“It’s too expensive.” This is probably one of the main roadblocks you encounter during your sales meetings. This is a tricky situation to handle because, as Aja Frost, writing for HubSpot, points out, “most prospects have learned pushing back on cost will get them a discount.” Is your product or service actually too expensive? Here’s how Frost suggests navigating this conversation.
Find the Basis of Comparison
What, exactly, is the prospect comparing your price to? If you can identify that, you can begin to explain the difference between what you offer and what the competition has. Or you may trip them up. If the prospect is simply trying to get you to lower your price without a clear reason, that will be revealed when you ask for a comparison. By asking, “Too expensive compared to what?” you’ll either frazzle the prospect into admitting their statement is unfounded or open up a conversation to further prove your product or service’s worth.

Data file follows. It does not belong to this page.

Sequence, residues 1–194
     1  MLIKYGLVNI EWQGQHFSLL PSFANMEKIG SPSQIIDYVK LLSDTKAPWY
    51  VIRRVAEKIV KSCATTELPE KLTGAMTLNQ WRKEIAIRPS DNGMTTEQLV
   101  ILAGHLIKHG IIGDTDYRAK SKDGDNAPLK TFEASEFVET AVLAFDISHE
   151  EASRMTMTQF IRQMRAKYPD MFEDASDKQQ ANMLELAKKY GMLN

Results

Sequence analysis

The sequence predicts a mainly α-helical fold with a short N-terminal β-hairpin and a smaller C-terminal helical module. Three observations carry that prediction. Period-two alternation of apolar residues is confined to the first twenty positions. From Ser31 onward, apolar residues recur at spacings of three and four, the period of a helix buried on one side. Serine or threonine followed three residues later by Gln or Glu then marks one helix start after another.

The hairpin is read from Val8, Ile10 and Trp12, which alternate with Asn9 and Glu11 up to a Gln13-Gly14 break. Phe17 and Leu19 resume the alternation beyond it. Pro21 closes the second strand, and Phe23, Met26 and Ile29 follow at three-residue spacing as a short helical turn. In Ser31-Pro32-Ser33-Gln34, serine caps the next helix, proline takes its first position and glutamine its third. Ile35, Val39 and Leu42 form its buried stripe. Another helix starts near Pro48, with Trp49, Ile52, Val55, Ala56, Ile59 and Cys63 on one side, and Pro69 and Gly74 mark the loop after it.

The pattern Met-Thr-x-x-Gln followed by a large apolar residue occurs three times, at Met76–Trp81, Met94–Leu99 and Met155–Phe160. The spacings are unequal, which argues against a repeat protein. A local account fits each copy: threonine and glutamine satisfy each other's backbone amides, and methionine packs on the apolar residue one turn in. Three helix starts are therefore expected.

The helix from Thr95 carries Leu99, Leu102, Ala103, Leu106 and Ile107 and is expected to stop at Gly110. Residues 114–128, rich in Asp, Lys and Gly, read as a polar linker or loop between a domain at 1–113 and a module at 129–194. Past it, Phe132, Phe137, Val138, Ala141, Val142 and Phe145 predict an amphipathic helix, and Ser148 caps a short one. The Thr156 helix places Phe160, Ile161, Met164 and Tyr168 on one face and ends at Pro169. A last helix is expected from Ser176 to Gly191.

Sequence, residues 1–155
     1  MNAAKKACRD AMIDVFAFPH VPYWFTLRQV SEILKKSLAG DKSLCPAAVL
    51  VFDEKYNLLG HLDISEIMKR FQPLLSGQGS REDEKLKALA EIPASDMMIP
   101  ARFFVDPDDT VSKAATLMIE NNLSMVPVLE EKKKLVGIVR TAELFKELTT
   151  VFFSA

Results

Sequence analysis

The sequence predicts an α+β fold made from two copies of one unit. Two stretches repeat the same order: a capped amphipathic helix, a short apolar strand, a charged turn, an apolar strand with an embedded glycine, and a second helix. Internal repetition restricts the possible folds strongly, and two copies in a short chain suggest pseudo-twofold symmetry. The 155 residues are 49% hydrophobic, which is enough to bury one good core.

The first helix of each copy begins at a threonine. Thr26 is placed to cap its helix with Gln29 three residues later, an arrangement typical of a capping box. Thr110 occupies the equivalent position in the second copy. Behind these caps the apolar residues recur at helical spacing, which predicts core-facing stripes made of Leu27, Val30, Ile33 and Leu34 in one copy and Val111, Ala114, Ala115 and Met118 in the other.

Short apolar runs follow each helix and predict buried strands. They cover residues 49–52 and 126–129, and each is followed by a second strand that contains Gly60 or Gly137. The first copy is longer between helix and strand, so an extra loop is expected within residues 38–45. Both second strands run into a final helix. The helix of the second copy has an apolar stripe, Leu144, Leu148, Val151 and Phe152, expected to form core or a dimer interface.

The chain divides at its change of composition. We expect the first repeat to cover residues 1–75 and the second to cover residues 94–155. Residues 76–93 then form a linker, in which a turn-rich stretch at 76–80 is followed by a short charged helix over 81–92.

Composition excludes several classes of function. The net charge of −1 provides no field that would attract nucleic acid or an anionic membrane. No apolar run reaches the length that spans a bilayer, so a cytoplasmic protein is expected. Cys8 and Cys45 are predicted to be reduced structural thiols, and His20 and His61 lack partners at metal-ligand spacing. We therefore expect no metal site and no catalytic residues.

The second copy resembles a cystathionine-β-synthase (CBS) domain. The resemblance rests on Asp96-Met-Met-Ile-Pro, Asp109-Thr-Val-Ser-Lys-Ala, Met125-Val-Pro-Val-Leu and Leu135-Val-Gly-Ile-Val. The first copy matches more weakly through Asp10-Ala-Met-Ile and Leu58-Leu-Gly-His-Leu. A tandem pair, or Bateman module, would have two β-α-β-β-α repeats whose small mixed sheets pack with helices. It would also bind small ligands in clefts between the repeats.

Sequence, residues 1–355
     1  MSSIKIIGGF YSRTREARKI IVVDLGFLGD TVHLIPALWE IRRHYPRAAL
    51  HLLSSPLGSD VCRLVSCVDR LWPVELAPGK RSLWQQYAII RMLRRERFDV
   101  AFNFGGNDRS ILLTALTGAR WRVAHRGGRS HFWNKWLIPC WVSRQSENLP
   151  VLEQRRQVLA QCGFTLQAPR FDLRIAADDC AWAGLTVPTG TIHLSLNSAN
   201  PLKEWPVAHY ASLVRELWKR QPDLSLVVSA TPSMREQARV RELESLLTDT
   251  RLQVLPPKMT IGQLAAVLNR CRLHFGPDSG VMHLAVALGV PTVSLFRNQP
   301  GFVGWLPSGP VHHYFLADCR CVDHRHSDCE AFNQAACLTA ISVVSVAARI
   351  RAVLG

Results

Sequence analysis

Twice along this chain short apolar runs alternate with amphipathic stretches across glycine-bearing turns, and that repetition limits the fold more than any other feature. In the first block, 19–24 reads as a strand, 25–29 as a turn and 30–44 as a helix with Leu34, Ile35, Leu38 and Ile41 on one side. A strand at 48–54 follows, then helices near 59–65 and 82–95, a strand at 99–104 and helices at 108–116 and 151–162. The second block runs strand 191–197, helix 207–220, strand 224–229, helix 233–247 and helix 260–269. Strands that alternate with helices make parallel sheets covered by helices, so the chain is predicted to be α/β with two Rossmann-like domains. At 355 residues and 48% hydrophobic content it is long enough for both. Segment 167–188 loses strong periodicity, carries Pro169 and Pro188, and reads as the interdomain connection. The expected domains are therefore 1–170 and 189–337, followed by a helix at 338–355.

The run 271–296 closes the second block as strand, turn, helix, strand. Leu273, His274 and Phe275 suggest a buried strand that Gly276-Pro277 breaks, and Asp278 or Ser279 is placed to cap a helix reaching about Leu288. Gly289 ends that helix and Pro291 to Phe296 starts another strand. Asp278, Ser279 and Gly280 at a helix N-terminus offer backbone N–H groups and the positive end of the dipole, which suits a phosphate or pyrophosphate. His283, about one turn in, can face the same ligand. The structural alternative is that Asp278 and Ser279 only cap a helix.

Ask What You’re Lacking
Maybe your prospect thinks the price is too high because their need isn’t being completely fulfilled. If they’ll have to make two purchases instead of the one they initially intended, no wonder they’re iffy about your price. To find out if that’s the case, ask a question such as, “Are there some boxes we left unchecked?” If your product or service is lacking in the prospect’s eyes, find out if it’s within your power to completely fulfill their present need.
Suggest a Split
“Okay. So which part don’t you want?” Standing your ground on price is a direct representation of the product or service’s value. And if you suggest splitting up your product or service to match the price the prospect is willing to pay, you’ll drive home the point that you’re willing to meet their pricing demands, but they’re only going to get what they pay for. That may be enough for them to change their mind.